The Murals of Yemen’s Haifa Subay

14 May, 2021
“War is point­less; it has tar­get­ed every­thing in Yemen; there’s noth­ing left,” says Haifa Sub­ay (pho­to Mohamed El Sayaghi, Reuters).

Farah Abdessamad

Haifa Sub­ay is a Yemeni artist, born in 1992. Liv­ing in Yemen, she expos­es the human face and cost of her coun­try at war through evoca­tive, social­ly-con­scious graf­fi­ti art and street murals. Haifa was behind the cam­paign #Silent_Victims which high­light­ed the every­day suf­fer­ing of the Yemeni peo­ple. In March 2021, Yemen entered its sixth year of armed con­flict. Over two-thirds of Yeme­nis still require urgent human­i­tar­i­an assis­tance. This inter­view took place in April 2021.

Farah Abdessamad: When did you start paint­ing murals? Was this a new form for you, or did you already paint or cre­ate in some oth­er ways?

Haifa Sub­ay: I start­ed paint­ing murals in 2012. It was the first time then for me to paint murals in the streets, but I’ve been draw­ing since I was five years old, and like any oth­er child it was a hob­by at first. I start­ed paint­ing with my broth­er [Murad Sub­ay] and we kept our own, sep­a­rate styles. In 2012, my broth­er launched two cam­paigns in which I par­tic­i­pat­ed, “Col­or the Walls of your Street” and “The Walls Remem­ber Their Faces” which denounced forcible dis­ap­pear­ances. We need­ed col­or, a lot of col­or in our lives, it was a dif­fi­cult time. In 2015, I thought about launch­ing my own cam­paign but I could­n’t do so until August 2017. This was “Silent Vic­tims,” my first cam­paign. It was my start­ing point in graf­fi­ti and it touched on many impor­tant issues. I had hoped for the cam­paign to con­tin­ue over a longer peri­od of time but when the Houthis tight­ened their con­trol over Sana’a and under their pres­sure I had to stop “Silent Vic­tims” and street art in the cap­i­tal city. I then moved to Aden. I’m stay­ing tem­porar­i­ly in Sana’a right now. I would want to draw but I can’t paint out­side. Instead, I may paint in my house!

FA: I was curi­ous to know how you relate to the her­itage of Yemen. Does it feel close or some­what dis­tant? Think­ing of a for­eign audi­ence, many out­siders acknowl­edge Yemen as a coun­try of rich tra­di­tion and cul­ture — the Old City in Sana’a, hand­i­craft, poet­ry and folk music for instance, to name a few. Of course, it’s a cliché, too; Yemen is much more than that! But it’s an image which also brings pride and maybe hope to peo­ple. Would you see graf­fi­ti art or mur­al paint­ing as a sub-cul­ture, a counter-cul­ture, or an art form more for younger peo­ple?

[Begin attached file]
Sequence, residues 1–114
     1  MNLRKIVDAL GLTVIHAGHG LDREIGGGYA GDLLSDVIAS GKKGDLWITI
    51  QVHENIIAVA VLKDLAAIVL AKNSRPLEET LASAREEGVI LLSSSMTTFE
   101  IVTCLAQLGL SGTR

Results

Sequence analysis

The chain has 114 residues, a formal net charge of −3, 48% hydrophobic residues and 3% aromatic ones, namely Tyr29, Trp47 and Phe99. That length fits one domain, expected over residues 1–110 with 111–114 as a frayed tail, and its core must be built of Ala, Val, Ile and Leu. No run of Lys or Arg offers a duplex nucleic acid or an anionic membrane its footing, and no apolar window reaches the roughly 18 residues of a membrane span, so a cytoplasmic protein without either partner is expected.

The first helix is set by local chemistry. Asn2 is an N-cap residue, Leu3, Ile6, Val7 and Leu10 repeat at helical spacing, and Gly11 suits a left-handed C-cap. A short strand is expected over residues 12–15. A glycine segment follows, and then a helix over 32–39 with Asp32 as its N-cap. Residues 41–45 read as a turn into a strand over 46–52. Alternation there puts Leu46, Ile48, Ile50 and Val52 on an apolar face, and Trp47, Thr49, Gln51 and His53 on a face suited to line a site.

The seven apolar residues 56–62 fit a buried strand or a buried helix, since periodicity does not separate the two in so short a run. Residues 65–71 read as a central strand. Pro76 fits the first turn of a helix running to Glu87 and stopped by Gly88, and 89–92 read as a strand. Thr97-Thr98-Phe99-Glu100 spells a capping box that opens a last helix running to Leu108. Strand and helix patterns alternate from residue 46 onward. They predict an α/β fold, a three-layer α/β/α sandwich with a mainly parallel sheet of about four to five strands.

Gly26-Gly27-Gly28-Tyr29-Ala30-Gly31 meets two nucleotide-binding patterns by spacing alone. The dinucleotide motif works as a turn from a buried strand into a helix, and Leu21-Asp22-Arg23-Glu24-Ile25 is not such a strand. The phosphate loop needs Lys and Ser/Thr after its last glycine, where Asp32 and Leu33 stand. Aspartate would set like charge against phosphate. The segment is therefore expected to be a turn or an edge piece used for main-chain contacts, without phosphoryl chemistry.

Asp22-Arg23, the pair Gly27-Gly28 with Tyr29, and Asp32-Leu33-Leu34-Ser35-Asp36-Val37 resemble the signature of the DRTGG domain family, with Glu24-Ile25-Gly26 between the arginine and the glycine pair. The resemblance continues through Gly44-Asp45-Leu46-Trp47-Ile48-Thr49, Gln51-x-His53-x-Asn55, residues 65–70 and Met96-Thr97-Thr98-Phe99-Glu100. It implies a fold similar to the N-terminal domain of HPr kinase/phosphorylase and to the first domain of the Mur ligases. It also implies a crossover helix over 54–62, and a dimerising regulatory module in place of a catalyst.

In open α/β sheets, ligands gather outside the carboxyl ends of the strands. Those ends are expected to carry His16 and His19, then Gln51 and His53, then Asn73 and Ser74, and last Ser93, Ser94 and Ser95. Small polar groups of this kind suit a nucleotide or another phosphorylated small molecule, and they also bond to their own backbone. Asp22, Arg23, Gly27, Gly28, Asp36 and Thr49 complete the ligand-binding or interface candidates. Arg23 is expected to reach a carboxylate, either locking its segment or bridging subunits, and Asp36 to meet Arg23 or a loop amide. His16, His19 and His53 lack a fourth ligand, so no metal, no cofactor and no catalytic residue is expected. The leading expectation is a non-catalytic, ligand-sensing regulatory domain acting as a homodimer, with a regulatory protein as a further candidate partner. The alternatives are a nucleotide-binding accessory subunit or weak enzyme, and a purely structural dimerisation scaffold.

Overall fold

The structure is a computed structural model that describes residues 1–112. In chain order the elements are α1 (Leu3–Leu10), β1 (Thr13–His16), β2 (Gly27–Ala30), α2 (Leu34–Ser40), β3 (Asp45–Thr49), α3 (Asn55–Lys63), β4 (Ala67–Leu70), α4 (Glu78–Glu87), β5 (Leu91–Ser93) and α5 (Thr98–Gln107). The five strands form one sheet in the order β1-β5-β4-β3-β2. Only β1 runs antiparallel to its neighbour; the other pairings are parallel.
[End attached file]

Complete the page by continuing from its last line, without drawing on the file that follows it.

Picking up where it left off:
Haifa Sub­ay: Yes! I feel so close to the her­itage of Yemen. I real­ly adore our his­to­ry and tra­di­tions. Graf­fi­ti art is quite new to Yemen and it came as a reflec­tion of the polit­i­cal sit­u­a­tion in 2012, after the 2011 Rev­o­lu­tion [an unprece­dent­ed youth-led upris­ing which saw the top­pling of Ali Abdal­lah Saleh after more than thir­ty years of pow­er]. Though it is dif­fer­ent, graf­fi­ti art dis­cuss­es the life we live in Yemen, the chal­lenges we over­come and the war we sur­vive. Graf­fi­ti is not exclu­sive to young peo­ple but it’s young peo­ple who per­form art in the street. More estab­lished artists tend to pre­fer gal­leries rather than the streets (I think, only my opin­ion!). Actu­al­ly, it’s rare now to find any­one paint­ing in the streets due to the secu­ri­ty sit­u­a­tion, espe­cial­ly in Sana’a and the north of the country. 

FA: The choice of reclaim­ing male-dom­i­nant streets is quite a pow­er­ful one. Often in Yemen but also in oth­er places deal­ing with the weight of the past, streets are a place of memo­ri­al­iza­tion for trau­mat­ic events. Streets com­mem­o­rate peo­ple and events through por­traits of shahids for exam­ple, the pre­dom­i­nant­ly male mar­tyrs who died at war (and these days, plur­al, wars). Many of us from the region remem­ber the women of Sana’a who went out and joined the rev­o­lu­tion of 2011 and we haven’t seen them as much in recent years since they have most­ly been silenced. In 2014, slo­gans of the Houthi move­ment (“God is great, Death to Amer­i­ca, Death to Israel, Curse to the Jews”) appeared in neigh­bor­hoods around city land­marks in Sana’a, in sten­cil form and large ban­ners. I know you’ve had dif­fi­cult encoun­ters with Houthi author­i­ties and you even­tu­al­ly moved from Sana’a to Aden for safe­ty rea­sons. How have res­i­dents been sup­port­ive of your work over time, and why was it impor­tant to you to make pub­lic art, that local Yeme­nis could inter­act with in their dai­ly life?